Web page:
Mississippi NAACP President Derrick Johnson blames legislators for the state's low rank in a national summary of elementary school math grades. "The Nation's Report Card: Mathematics 2009," released yesterday, outlines achievements of fourth- and eighth-graders on the National Assessment of Educational Progress (NAEP) mathematics test, administered by the U.S. Department of Education. The report compares national results in 2009 with prior assessments, and concluded that the state of Mississippi hit rock bottom, second to last behind the District of Columbia, with few improvements among the children tested.
The report reveals that the average score of eighth-grade students in Mississippi in 2009 was 265. While higher than the state's average score of 246 in 1992, it still rated far lower than the average score of 282 for public school students across the nation.
The report also found the percentage of eighth-grade students in Mississippi who performed at or above the NAEP "proficient" level was 15 percent in 2009, not significantly different from 2007, when it was 14 percent. Likewise, the percentage of students in Mississippi who performed at or above the NAEP "basic" level was 54 percent in 2009, the exact same percentage the state registered in 2007.
The numbers also show a large and persistent performance gap between black and white students in Mississippi and across the U.S. In 2009, Mississippi's black eighth-grade students had an average score that was 28 points lower than that of white students, with the gap closing only slightly, by five points, since 1992. The state's 2009 data mirrors performance between black and white students nationwide, where the gap is 26 points.
Johnson said the blame lies with the legislature's inability to fund districts containing a high number of at-risk students.
"This comes down to money," Johnson said. "Impoverished school districts suffer because we have an inequitable tax structure for funding school districts. Madison or Desoto County, where you have a strong local tax base, are able to offer more courses, provide more support for students and pay teachers a higher salary than districts such as Holmes County, which are tax poor counties. All they have to rely on is the state education funding (devised to add additional resources for districts with a higher percentage of at-risk students), which state legislators have regularly failed to fund."
Johnson's argument reflects another statistic recorded in The Nation's Report Card, which outlines the performance gap between students provided free meals. In 2009, students who were eligible for free or reduced-price school lunch (an indicator of poverty by many standards) scored 27 points lower, on average, than students who were not eligible for free or reduced-price school lunches. The state's 2009 performance was one point lower than the gap in 1996.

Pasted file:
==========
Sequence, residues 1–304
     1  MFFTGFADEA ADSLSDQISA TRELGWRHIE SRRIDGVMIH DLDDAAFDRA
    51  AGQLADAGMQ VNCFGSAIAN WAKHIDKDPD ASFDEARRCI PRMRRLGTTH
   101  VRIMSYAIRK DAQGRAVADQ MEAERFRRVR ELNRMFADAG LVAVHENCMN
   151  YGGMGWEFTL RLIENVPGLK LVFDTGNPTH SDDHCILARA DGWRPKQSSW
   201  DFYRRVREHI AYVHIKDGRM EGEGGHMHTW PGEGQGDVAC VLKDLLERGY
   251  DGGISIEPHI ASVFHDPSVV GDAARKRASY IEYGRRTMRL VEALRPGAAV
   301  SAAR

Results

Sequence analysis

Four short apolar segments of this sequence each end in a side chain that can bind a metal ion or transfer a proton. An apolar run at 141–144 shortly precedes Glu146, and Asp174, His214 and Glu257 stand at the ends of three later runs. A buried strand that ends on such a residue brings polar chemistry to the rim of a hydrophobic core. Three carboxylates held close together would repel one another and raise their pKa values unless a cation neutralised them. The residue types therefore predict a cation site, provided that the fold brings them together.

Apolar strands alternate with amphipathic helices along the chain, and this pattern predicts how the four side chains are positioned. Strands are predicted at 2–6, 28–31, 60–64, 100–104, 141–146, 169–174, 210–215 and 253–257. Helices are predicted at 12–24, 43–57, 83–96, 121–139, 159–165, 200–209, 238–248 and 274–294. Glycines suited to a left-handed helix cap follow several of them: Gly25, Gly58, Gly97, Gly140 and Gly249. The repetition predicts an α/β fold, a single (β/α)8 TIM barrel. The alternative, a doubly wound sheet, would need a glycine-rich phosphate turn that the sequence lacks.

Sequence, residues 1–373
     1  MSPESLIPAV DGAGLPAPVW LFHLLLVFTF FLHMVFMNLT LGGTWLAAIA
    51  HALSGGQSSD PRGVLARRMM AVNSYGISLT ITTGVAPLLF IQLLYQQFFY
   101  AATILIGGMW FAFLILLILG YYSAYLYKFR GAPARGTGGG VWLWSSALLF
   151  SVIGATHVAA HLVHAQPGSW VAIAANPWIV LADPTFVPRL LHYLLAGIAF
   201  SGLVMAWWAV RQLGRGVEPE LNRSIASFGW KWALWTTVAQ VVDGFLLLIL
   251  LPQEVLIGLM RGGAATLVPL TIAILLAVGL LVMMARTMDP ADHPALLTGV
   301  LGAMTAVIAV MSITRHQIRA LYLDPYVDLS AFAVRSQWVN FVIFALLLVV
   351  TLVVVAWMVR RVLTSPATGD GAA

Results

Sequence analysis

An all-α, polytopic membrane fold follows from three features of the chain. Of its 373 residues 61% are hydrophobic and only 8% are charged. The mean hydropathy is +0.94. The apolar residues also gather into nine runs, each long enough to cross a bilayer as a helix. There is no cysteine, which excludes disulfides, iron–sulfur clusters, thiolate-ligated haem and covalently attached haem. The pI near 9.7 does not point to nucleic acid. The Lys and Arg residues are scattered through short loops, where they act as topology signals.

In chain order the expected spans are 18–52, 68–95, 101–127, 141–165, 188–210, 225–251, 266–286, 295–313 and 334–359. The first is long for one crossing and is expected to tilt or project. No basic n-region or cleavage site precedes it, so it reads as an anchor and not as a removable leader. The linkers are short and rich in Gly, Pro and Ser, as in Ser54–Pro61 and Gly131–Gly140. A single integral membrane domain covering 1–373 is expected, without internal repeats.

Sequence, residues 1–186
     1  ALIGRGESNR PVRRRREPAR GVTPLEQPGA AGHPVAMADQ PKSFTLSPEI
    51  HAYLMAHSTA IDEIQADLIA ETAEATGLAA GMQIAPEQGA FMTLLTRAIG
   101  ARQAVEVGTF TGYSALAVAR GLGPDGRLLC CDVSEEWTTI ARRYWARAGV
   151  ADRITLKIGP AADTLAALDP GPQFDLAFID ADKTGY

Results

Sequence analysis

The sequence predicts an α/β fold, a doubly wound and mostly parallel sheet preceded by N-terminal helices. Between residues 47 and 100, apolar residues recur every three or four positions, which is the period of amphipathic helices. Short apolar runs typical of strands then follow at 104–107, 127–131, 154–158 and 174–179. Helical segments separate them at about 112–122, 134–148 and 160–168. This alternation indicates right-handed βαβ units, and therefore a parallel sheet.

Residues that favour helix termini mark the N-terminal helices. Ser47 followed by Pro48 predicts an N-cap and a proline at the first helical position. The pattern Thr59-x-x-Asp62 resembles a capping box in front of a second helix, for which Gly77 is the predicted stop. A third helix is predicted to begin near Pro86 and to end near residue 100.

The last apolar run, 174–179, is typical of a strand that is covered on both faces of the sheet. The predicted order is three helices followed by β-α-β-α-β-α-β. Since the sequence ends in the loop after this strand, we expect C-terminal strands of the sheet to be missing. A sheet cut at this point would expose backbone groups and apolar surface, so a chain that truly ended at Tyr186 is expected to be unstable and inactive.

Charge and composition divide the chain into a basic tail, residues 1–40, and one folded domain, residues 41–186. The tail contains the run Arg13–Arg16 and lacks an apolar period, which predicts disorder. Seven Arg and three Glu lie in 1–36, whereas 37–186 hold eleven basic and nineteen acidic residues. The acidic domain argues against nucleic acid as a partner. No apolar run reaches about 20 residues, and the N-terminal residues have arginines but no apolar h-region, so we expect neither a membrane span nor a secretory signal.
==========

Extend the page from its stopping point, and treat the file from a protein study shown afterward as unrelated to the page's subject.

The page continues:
Legislators enacted the Mississippi Adequate Education Program to distribute money to some of the poorer districts, but Johnson said the state funding formula was failing to address the issue, because legislators were utterly neglecting a vital second portion of the solution.
"The part that has never been supported was at-risk funding, which gives additional funding for students in the lower economic ranking, which would provide more resources for those cash-poor districts," Johnson said.
Gov. Haley Barbour and House Democrats sparred repeatedly over adequate funding for at-risk schools, with the governor and the Republican-dominated Senate regularly advocating budget savings over at-risk funding.
Nancy Loome, executive director of school lobbying group The Parent's Campaign, said the MAEP formula calls upon the legislature to provide an extra 5 percent for at-risk students, determined by their eligibility for the free lunch program. The money goes to the school district hosting the at-risk students.
"Some studies argue that the 5 percent needs to be increased, possibly up to 40 percent, to be brought to the same level as their peers who are not living in poverty, but the Department of Education did a survey on how districts were spending their 5 percent, and districts were largely unable to say how they were spending it," Loome said.
Loome said districts were usually applying their extra 5 percent funding to plug holes left by legislators' inability to fully fund MAEP. Still, Loome said the organization stopped lobbying for an increase to at-risk schools until districts could "get a handle on how they were investing those dollars."
"We agree that students should have more resources, but we've got to show that districts are being responsible on how they're using those funds, or it becomes a credibility issue," Loome said. "But this will be difficult until the Legislature fully funds MAEP on a regular basis."
Johnson argued, however, that in the meantime the legislature is ignoring the achievement gap.
"If you call only funding a part of it a victory, then you're ignoring it, and you can expect these numbers to repeat themselves over the next few years," Johnson said.